Trial Lessons

Escaping from side control

One of the most important virtues that a white belt can learn is patience. Patience is a critical part of self-defense because it opens the door not only for better strategic reasoning, but also more efficient technique. Within the framework of jiu-jitsu, patience is the ability to maintain your composure in a high-stress environment so that you can think clearly, recognize opportunities for escapes or submissions, and preserve your energy. All of these things are vital for the most important principle of jiu-jitsu, which is survival.

All that said, this post is going to focus on applying that ability to be patient within the context of side control.

Getting stuck in side control can be a very uncomfortable position to be in, especially if you have a smaller frame and your opponent is bigger than you. As Robin Giesler of Gracie Ohio Jiu-Jitsu Academy notes in the above video, it can restrict your ability to breathe normally. You may even feel as though you’re suffocating. On its own, this sensation can cause a person to feel panicky, and that urge to flail around to escape is only going to exhaust what energy you have. It’s also going to give your opponent the opportunity to advance their attack.

Control v. Dominance

As Robin notes in the video, side control is usually the first step in a larger attack. While it’s certainly uncomfortable to be caught in side control, you are not necessarily in imminent danger of submission. Your opponent typically can’t do a lot of damage and at some point, they will have to stop applying downward pressure on you to mount a formal attack.

In most cases, the next position will be either mount or knee on belly. Your primary goals are to prevent your opponent’s next move and to escape.

Do the Culkin

For those who haven’t seen Home Alone, you’re missing out on one of the great kids’ movies of the early 90s. Additionally, you may not fully understand the reference. For those who haven’t seen it in a while, it’s worth the rewatch.

That said, the most famous scene from the movie is when young Kevin McCallister (played by Macaulay Culkin) puts aftershave on his face and screams. While screaming is not advisable, the motion of putting your palms on your cheeks is useful in this situation for two reasons. First, when you put your palms up to your face, your elbows create a frame. This will allow you to breathe easier while your opponent is on top of you. Second, your opponent may not be able to do a ton of damage from side control, but they can use their arms to strike your head and neck area. Having your arms tucked in will give you the opportunity to block those strikes.

Two Types of Leg Strength

Additionally, if you can place the foot of the side from which they are attacking on the opposite knee, this can help create a block and a potential source of structural strength for when you eventually make your escape. You should then firmly plant the other foot as close to your hips as possible because this leg will ultimately be like the jack of a car and utilize the strength of your hips.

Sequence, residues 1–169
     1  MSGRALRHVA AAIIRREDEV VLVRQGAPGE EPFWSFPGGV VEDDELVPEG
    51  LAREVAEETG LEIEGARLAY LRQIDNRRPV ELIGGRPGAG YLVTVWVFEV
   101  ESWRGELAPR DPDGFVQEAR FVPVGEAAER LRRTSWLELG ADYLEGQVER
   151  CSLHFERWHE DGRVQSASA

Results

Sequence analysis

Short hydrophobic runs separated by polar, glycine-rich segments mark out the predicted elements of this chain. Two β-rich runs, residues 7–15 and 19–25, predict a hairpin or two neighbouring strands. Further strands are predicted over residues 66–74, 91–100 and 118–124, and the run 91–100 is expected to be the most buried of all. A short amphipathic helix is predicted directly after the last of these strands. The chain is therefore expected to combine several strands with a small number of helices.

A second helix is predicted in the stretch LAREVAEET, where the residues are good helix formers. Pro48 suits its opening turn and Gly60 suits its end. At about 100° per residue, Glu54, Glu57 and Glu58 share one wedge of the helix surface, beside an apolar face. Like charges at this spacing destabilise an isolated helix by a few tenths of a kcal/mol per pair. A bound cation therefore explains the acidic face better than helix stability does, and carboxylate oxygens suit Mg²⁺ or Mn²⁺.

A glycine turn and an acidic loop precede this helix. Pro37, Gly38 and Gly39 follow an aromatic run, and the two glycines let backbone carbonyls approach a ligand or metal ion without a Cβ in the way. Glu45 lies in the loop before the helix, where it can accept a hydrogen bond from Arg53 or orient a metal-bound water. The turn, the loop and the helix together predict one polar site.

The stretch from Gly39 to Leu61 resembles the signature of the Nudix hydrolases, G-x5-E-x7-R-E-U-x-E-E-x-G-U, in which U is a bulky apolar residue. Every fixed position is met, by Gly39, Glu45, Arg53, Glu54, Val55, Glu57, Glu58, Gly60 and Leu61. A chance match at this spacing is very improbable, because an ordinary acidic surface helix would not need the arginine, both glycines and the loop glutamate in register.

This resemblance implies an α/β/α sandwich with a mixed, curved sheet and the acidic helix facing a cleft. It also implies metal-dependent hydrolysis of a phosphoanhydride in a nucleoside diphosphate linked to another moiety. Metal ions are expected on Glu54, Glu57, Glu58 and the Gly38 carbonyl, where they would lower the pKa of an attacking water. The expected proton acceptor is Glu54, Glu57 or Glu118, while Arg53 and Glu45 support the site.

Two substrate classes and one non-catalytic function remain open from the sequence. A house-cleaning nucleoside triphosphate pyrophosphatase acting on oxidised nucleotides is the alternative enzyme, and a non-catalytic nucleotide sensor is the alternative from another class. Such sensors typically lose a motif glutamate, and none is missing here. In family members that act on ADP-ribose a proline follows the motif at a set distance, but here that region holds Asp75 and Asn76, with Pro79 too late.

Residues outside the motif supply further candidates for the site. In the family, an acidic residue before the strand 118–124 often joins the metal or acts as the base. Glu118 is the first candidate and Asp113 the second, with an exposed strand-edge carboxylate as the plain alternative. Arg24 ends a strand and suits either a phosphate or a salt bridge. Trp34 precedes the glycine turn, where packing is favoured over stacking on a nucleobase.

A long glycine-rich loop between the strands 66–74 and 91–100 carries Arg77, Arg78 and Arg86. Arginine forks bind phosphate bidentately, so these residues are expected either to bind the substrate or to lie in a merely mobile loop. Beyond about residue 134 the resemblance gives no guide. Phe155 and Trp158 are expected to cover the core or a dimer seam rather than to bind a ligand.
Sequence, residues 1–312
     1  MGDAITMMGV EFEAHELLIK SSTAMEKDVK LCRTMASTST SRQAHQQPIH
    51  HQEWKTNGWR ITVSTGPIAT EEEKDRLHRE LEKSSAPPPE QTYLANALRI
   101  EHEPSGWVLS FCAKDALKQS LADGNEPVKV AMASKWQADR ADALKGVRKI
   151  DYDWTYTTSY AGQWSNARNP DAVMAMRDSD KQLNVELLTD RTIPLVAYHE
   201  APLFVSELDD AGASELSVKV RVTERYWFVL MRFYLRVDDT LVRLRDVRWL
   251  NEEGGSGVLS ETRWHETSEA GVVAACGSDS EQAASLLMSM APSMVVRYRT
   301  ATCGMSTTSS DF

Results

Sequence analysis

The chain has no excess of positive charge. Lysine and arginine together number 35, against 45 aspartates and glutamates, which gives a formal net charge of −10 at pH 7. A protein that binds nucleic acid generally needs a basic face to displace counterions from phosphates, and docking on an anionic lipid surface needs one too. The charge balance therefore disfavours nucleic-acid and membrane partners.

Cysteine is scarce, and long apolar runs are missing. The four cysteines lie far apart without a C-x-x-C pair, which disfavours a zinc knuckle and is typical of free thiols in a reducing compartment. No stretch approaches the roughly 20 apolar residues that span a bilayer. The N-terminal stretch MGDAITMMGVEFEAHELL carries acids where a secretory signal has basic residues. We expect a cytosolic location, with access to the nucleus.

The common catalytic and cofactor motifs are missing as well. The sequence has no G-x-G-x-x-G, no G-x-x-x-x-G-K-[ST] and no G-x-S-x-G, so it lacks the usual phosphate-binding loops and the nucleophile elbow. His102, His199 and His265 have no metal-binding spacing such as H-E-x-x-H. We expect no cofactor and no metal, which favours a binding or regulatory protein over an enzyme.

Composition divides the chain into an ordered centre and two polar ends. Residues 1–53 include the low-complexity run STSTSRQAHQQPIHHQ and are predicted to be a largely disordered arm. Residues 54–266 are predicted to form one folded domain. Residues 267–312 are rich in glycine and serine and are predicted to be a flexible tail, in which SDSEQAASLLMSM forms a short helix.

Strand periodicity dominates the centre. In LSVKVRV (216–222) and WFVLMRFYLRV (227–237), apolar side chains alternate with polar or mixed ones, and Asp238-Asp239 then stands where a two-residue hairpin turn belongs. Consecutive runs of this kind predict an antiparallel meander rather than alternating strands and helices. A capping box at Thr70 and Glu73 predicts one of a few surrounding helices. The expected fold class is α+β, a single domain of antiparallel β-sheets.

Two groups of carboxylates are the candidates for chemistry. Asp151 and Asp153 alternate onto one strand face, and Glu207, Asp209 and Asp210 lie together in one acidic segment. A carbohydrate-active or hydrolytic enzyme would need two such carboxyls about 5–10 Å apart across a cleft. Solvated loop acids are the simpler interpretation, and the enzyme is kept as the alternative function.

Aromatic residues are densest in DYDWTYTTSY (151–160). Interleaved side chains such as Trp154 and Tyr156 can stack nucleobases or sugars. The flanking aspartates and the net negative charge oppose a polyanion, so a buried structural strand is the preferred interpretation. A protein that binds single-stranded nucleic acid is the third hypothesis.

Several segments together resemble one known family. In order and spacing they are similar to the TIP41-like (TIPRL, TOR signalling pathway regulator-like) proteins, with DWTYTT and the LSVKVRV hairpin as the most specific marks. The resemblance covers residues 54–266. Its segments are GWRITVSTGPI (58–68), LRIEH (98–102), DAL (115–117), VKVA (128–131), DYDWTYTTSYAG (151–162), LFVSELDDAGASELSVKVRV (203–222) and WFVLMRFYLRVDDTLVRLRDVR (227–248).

This is going to give you the explosive power that you need to ultimately escape.

Bridging to Escape

As noted, your opponent will necessarily want to advance their position, and this will require them to reduce some of the pressure they are focusing on you as they redistribute their weight. As Robin details in the video above, this is your opportunity to bridge toward your opponent. In addition to the strength from your hips, you will also have the structures created by your crossed leg and arms to then create additional space to further separate you and your opponent.

Robin also notes that you will want to rotate in such a way that your top shoulder is closer to your opponent than the bottom shoulder because this will make you more difficult to move. From there, you can either put them into guard or you can move your hips away and make your escape.

As much as this is all about technique, it is also about timing and getting the timing right requires patience.

A Lesson from Relson

To illustrate his point, Robin tells the story of how Relson Gracie, the second oldest son of Grand Master Helío Gracie, approached the problem. Many years ago, one of Relson’s students kept getting caught in the north south position by a person who was significantly bigger than him. He complained to Relson, telling him that he couldn’t ever get out, so Relson got on his back and asked the bigger student to take north south control. He did, and then he waited.

And waited.

And waited.

Eventually, the bigger student just let go, and then Relson sprang into action. Relson knew that the north south position was not putting him in imminent danger. Rather than wasting energy trying to get out, he instead patiently waited for his opponent to present him with an opportunity to escape.

As Robin says in the above video, “The important thing that he was trying to explain to us was that it’s not just enough to know the technique to escape. It’s important to know when to use it. The right technique at the wrong time is the wrong technique.”



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